Wednesday, July 28, 2010
Recipe for Longevity: No Smoking, Lots of Friends(Click on this link to read the article.)
As I read this article, I couldn't help but remember how Leif's circle of friends shrank and his contacts and personal intereactions with others diminished over the last year of his life. It wasn't that he didn't seek companionship, but that he focused solely on finding a mate and when he thought he had, he found it so hard to be apart and out of contact. He had little contact with the friends from his past and didn't make new ones in Florida, at least not lasting ones, and the few new contacts he had weren't the kind of healthy and close ones that would have helped him thrive and survive.
Science is coming closer to realizing and documenting that we need love and friendship to be healthy, and perhaps even to survive, in some cases, but what it doesn't tell us is why some people are good at finding those social contacts and friendships, and others aren't, why some are good at keeping them and others don't. What is it that makes the loner, the lonely, that way? Is it lack of social skills? Is it shyness? Is it an inferiority complex? Is it fear? It is some other mental or emotional, or even biological, factor?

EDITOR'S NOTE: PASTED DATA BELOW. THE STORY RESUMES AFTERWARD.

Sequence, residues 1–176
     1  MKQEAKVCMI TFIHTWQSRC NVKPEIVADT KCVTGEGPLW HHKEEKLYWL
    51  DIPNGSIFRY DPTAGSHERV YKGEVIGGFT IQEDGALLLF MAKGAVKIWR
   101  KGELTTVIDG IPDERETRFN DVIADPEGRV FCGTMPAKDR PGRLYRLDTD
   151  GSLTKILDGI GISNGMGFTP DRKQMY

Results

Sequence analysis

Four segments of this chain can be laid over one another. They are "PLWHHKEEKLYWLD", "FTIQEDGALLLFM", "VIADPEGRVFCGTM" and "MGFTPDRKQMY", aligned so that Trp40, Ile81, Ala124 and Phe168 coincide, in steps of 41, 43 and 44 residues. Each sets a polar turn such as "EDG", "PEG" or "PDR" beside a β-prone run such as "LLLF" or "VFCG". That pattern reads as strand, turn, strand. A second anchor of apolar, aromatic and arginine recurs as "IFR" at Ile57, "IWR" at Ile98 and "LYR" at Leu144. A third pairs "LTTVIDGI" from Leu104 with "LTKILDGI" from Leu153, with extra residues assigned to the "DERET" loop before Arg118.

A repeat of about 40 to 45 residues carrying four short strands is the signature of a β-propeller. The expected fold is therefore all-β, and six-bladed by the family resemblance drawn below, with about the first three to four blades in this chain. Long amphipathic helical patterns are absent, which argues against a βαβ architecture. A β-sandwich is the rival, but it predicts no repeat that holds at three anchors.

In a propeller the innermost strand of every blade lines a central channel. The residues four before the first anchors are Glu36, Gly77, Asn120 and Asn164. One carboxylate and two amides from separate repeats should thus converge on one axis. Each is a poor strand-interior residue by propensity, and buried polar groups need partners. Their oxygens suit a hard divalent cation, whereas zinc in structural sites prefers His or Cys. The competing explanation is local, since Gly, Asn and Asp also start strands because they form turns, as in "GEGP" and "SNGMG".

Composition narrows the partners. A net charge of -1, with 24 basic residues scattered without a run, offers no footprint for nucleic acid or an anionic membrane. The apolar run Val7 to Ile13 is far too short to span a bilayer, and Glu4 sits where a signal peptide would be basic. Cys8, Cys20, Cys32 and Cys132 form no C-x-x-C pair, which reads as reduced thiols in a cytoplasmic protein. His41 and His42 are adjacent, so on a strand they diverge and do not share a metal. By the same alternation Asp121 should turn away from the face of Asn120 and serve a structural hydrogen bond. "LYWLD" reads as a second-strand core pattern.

Why do some people suffer alone, in their homes or apartments, go to work and come home without ever having a meaningful human interaction?
And does our current world that offers so much ersatz contact and entertainment through television, cell phones and the internet give people the illusion that they are in contact with others, but yet they suffer all the same symptoms and health problems, the same emotional pain, of those who are isolated?
This photo of Leif was taken at the Michie Tavern area near Charlottesville, Virginia in the spring of 1977 when Leif was just over two years old.